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Experience the Future with Cutting-Edge Artwork and Take a Trip through History with Classical Art

teamLab Borderless

    The best works of art captivate people across borders throughout the ages.
    This article looks at two modern art venues that have drawn the attention of people in Japan and around the world, as well as Japan’s greatest museum that lets you go back through history to enjoy Japanese classical artwork.

teamLab Borderless: An Ever-Changing, Cutting-Edge Digital Art Gallery

    Situated in Tokyo’s Odaiba, teamLab Borderless is popular among people in Japan and around the world as a cutting-edge digital art gallery. Some 2.3 million people have visited in the first year since its opening in June 2018. About half of the visitors had come to Japan from over 160 countries.
    All artwork displayed at the gallery is made by the digital art group called “teamLab.” The location is very different from what you would expect from a regular art gallery. With 10 thousand square meters of floor space, the venue is like a labyrinth. There are dazzling CG videos projected onto the elaborately designed walls and floor, making you feel as if you are walking inside a kaleidoscope. The videos are projected onto your face and clothes as well, in an endless stream of flowers and water currents. You are sure to take photos that you will want to post on social media.

    Forest of Resonating Lamps is the most popular installation, featuring an enormous number of lamps hanging from the ceiling that shine in ever-changing colors. In Universe of Water Particles on a Rock where People Gather and Waterfall Droplets, Little Drops Cause Large Movement, digital water and flowers fall down like a waterfall and flow away. The stream of water and flowers move around the visitors walking through the venue. This creates a constantly changing pattern that makes for a novel sight.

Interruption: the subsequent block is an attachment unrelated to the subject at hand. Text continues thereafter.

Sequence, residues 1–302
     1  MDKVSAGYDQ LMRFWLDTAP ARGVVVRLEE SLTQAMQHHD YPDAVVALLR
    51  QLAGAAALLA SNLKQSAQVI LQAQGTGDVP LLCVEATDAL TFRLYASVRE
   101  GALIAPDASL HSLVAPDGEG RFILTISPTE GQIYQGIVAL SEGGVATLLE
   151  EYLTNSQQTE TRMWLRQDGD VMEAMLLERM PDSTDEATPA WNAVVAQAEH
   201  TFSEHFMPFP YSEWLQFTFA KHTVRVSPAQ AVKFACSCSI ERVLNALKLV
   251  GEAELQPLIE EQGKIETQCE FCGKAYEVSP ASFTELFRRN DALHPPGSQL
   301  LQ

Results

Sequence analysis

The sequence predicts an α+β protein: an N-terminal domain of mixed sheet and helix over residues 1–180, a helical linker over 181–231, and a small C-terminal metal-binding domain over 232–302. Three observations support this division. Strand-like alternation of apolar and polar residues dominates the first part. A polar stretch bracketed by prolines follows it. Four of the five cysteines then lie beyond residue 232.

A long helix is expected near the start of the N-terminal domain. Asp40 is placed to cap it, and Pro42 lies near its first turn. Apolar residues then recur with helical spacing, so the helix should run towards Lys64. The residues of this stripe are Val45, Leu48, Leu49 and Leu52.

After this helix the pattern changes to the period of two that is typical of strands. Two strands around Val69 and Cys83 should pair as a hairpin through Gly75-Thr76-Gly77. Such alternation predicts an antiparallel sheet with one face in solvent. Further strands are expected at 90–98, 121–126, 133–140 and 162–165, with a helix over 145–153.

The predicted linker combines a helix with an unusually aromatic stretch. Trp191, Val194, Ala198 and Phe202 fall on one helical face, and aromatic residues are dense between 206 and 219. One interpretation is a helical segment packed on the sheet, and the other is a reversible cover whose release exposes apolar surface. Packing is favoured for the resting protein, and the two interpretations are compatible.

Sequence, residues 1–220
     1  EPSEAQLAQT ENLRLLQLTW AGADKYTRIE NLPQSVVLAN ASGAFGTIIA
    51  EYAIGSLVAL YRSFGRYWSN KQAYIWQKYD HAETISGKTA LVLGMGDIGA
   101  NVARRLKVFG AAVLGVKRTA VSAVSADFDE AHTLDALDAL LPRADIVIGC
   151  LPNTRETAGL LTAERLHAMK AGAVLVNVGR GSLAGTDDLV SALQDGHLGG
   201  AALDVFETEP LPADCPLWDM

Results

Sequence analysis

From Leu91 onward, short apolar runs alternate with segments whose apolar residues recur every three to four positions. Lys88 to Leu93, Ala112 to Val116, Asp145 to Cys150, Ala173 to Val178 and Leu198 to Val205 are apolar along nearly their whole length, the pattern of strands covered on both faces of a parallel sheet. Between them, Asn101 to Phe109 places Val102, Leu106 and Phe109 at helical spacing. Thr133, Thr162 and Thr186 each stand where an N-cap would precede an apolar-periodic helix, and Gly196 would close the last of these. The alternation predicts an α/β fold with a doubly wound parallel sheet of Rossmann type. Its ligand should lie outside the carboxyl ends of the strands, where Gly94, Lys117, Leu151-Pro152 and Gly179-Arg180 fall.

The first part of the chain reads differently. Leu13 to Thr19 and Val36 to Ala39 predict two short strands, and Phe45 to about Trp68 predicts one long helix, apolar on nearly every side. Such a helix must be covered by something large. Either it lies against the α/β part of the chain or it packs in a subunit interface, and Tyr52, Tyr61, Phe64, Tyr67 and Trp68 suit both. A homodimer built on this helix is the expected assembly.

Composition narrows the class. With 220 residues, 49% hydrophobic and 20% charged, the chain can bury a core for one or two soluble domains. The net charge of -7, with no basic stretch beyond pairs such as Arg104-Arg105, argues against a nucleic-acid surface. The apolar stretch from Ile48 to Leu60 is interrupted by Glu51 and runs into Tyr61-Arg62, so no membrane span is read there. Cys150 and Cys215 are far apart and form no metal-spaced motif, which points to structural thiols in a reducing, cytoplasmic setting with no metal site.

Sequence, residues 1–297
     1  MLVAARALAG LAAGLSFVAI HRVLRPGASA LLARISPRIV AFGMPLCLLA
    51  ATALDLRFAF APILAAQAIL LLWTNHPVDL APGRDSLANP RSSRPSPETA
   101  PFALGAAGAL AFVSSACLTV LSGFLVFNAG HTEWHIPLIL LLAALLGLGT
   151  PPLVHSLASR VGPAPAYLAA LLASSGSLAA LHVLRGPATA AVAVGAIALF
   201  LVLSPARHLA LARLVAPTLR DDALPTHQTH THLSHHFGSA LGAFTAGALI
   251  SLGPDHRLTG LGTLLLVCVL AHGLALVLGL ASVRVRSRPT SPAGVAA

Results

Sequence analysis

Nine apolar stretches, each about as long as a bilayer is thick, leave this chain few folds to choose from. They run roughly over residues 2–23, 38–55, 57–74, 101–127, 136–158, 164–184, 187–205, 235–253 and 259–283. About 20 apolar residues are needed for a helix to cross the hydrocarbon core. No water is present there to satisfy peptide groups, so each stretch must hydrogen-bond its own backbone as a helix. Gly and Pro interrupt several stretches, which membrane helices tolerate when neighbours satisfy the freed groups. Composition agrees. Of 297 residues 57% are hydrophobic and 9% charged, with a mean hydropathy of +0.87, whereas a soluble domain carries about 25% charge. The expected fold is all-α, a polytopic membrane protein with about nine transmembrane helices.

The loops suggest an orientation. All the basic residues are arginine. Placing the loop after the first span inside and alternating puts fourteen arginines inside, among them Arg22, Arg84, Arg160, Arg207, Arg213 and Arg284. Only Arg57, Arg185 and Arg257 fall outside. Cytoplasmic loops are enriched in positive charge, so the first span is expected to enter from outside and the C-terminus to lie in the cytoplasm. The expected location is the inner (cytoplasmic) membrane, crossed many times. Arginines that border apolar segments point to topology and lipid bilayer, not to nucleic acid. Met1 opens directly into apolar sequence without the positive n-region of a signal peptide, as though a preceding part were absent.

Forest of Resonating Lamps (teamLab Borderless)

Universe of Water Particles on a Rock where People Gather and Waterfall Droplets, Little Drops Cause Large Movement (teamLab Borderless)

    Wander through the Crystal World features LED lights that appear to fall down like rain, only to rise upward again. The lights reflect off a mirrored floor, giving the illusion that you are standing in outer space. Weightless Forest of Resonating Life is another wondrous installation, where you find yourself surrounded by giant balloons. The balloons change colors or make different noises when you touch them, and these colors spread to the other balloons.